California / Texas / Florida


Fact Pattern:

Plaintiff suffered an injury to his right peroneal nerve while he was unconscious having his appendix removed.

Plaintiff required an emergency appendectomy by Dr. Switzer at a CA Public hospital. Plaintiff was anesthetized by Dr. Rosen. Plaintiff awoke the next morning in his hospital room attended by two nurses. When Plaintiff awakened he had a drop foot on the right lower extremity. After his release from the hospital Plaintiff’s drop foot did not improve and his EMG/NC was diagnostic for a right peroneal neuropathy across the fibular head. Dr. Rosen and the nurses were employed by the hospital, and Dr. Switzer is an independent contractor.

During discovery which included depositions of Dr. Rosen, Dr. Switzer, and two nurses, there was no testimonial evidence to support negligent conduct that could have caused the peroneal neuropathy


Where an unexplained injury occurs during a medical procedure to a part of the body not under treatment, does res ipsa loquitur apply to permit negligence to be inferred against all of the doctors and medical employees who took part in caring for the injured patient?

*Res Ipsa Loquitur: A rule of law giving rise to an inference of negligence where the instrument inflicting the injury is in the exclusive control of the defendant and where such harm could not ordinarily result in the absence of negligence.


Where an unexplained injury occurs during a medical procedure to a part of the body not under treatment, res ipsa loquitur applies against all of the doctors and medical personnel who take part in caring for the patient.


Where there has been an injury to a healthy part of the body not the subject of treatment, res ipsa loquitur applies to permit the inference of negligence against all doctors and medical employees who were entrusted with the patient’s care. Every defendant in whose custody (or control) Plaintiff was placed for any period was under a duty to exercise ordinary care for his safety. The control at one time or another of one or more of the various agencies or instrumentalities which might have harmed George was in the hands of every defendant or of his employees or temporary servants.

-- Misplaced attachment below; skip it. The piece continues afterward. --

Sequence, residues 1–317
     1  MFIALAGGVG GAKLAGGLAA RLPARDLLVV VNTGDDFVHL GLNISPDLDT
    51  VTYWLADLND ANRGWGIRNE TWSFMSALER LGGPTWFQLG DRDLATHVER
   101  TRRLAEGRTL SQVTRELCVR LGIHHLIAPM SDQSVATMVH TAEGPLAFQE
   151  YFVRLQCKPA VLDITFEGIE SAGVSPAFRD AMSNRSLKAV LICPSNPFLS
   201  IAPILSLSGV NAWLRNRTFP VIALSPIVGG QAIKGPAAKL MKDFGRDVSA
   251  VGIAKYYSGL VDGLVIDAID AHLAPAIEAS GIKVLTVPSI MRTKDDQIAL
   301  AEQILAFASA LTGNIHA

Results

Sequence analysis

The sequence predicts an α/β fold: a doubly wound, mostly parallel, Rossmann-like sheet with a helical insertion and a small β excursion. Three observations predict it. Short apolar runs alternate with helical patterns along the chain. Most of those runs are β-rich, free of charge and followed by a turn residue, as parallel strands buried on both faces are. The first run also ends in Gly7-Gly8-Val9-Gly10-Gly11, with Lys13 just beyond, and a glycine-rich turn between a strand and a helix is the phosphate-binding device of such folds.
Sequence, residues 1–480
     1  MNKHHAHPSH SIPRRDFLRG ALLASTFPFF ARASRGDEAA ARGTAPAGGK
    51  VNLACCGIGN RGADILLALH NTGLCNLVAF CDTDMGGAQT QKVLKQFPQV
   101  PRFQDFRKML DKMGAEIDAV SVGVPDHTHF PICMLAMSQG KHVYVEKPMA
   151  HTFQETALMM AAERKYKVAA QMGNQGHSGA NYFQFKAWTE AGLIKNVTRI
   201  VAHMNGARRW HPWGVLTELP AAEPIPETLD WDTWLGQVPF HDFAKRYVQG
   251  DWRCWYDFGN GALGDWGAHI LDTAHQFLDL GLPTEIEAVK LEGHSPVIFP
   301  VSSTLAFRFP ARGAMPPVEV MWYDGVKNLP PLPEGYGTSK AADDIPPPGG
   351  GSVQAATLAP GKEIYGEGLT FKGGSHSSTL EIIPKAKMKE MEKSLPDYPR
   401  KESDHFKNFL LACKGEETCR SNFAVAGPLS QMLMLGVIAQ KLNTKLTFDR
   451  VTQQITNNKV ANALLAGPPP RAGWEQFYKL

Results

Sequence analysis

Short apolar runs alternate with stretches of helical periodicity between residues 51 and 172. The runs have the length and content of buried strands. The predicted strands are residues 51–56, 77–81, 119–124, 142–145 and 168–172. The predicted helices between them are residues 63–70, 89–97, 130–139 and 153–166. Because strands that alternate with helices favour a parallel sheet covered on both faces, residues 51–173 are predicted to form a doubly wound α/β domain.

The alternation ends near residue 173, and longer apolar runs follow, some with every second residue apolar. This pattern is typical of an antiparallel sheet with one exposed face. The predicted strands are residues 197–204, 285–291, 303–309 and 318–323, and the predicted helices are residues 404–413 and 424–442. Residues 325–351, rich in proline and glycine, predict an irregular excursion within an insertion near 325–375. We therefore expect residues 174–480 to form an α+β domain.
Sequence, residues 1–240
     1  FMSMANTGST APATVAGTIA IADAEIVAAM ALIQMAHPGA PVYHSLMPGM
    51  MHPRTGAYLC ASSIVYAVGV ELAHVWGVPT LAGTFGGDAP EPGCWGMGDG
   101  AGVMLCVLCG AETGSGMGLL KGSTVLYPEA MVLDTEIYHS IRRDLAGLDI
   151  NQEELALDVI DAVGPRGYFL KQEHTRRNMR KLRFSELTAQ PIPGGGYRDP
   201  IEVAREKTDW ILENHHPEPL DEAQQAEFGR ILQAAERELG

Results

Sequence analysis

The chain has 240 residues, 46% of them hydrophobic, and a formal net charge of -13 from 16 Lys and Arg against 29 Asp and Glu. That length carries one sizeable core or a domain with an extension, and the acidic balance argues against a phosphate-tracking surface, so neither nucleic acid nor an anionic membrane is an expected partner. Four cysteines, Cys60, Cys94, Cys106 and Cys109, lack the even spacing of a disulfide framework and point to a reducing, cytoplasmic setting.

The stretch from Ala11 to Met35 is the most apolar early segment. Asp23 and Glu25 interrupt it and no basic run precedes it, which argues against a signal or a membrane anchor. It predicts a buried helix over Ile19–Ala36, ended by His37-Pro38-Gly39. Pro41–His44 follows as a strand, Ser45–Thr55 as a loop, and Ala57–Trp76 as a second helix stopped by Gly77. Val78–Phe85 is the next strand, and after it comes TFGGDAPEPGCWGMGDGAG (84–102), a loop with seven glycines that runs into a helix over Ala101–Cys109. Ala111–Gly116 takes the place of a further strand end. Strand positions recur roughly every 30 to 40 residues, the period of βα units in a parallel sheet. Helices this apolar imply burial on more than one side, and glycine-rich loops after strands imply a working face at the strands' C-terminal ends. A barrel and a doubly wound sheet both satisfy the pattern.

Plaintiff was unconscious; it is unreasonable to require him to identify any one person as the one who did the negligent act in order to get his case before a jury. Without the aid of res ipsa loquitur a patient who received serious injuries, obviously as a result of someone’s negligence, would be unable to recover damages unless the doctors and nurses in attendance voluntarily chose to disclose the identity of the negligent person and the facts establishing liability. Plaintiff received unusual injuries while unconscious and during the course of medical treatment, all those defendants who had any control over his body may be called upon to meet the inference of negligence by providing an explanation of their conduct.


Plaintiff will be required in the complaint that Res Ipsa applies to be successful in an action for damages resulting from the right peroneal neuropathy. Res Ipsa applies in many situations such as unexplained explosions, or food poisoning cases.